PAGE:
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IT IS ORDERED that all persons interested in this matter appear before this court in Department 27 of the San Diego County Superior Court at the address shown (220 West Broadway, San Diego, CA 92101) on DECEMBER 14, 2017 at 10:00 a.m., and show cause, if any, why the petition for a change of name should not be granted. IT IS FURTHER ORDERED that a copy of this ORDER TO SHOW CAUSE be published in the Julian News, a newspaper of general circulation published in this county, at least once a week for four successive weeks prior to the day of the hearing. THIS STATEMENT WAS FILED WITH THE COURT CLERK OF THE SUPERIOR COURT ON October 13, 2017.

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*** Be thankful for what you have; you'll end up having more. If you concentrate on what you don't have, you will never, ever have enough. — Oprah Winfrey ***

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FICTITIOUS BUSINESS NAME STATEMENT File No. 2017-9028317 HPR QUEENS 2125 Park Blvd, San Diego, CA 92101 The business is conducted by A Corporation House of Pacific Relations International Cottages Inc. THIS STATEMENT WAS FILED WITH ERNEST J. DRONENBURG JR., RECORDER/ COUNTY CLERK OF SAN DIEGO COUNTY ON November 16, 2017.

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LEGAL: 07791 Publish: November 22, 29 and December 6,13, 2017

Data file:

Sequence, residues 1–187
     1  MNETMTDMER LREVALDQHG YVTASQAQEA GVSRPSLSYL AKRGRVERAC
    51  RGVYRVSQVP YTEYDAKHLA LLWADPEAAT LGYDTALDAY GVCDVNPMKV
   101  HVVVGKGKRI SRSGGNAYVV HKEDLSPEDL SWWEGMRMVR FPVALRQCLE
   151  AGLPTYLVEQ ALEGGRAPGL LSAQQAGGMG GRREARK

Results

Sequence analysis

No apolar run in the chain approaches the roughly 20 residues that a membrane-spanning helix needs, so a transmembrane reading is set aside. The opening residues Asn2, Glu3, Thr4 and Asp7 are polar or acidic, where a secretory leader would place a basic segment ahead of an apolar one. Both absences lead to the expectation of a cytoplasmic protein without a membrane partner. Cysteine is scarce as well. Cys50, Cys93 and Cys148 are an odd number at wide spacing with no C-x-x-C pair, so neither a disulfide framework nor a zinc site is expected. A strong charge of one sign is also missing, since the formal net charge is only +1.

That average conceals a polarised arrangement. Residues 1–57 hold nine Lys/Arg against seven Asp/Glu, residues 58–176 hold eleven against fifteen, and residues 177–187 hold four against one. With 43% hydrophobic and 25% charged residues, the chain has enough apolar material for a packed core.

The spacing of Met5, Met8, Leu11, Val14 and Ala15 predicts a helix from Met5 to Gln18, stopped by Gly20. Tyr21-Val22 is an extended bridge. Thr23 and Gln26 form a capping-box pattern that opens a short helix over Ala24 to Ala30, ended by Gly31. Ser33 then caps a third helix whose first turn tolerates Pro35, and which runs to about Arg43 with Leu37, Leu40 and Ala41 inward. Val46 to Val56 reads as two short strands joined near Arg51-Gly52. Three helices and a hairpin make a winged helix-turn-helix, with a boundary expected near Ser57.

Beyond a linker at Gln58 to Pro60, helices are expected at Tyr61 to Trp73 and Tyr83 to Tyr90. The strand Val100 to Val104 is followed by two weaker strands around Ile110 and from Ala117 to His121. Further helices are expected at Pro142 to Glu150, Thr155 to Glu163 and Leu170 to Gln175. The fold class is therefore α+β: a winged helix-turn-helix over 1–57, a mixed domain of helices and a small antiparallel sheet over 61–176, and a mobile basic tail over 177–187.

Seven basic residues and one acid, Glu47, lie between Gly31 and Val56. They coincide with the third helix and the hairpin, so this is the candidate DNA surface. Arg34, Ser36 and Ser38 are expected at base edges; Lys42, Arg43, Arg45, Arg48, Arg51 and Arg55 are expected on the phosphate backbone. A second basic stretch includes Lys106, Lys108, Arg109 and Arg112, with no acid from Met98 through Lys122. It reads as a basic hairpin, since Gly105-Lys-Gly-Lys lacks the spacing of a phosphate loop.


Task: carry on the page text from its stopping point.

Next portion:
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NOTICE OF PROPOSED ORDINANCE Julian-Cuyamaca Fire Protection District ORDINANCE NO. 2017-4

The District has prepared the following summary of Ordinance Number 2017-4. Ordinance 2017-4 sets forth the time, place and location for regular Julian Cuyamaca Fire Protection District Board meetings. The Ordinance provides that the Board of Directors shall generally hold their regular meetings on the second Tuesday of each month at 10:00 am at the following location: Julian Cuyamaca Fire Protection District 3407 Hwy.79 South Julian, CA 92036 A copy of the Ordinance is available for review in the District Office located at 3407 Hwy.79 South Julian, CA 92036. This Ordinance was introduced and first read at the regularly scheduled Board meeting of November 14, 2017 and will thereafter be adopted at a regular meeting of the Board on December 12, 2017. LEGAL: 07789 Publish: November 22, 2017

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*** My mum, Helen, was hilarious. She had a tremendous sense of humour and was a great singer and tap dancer. For many years, she was the voice of Minnie Mouse in the Macy's Thanksgiving Day Parade. She would be in the float as it came along, singing whatever the Minnie Mouse song of the day was. She was a really big spirit in my life. — Billy Crystal ***

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Wednesday - November 22, 2017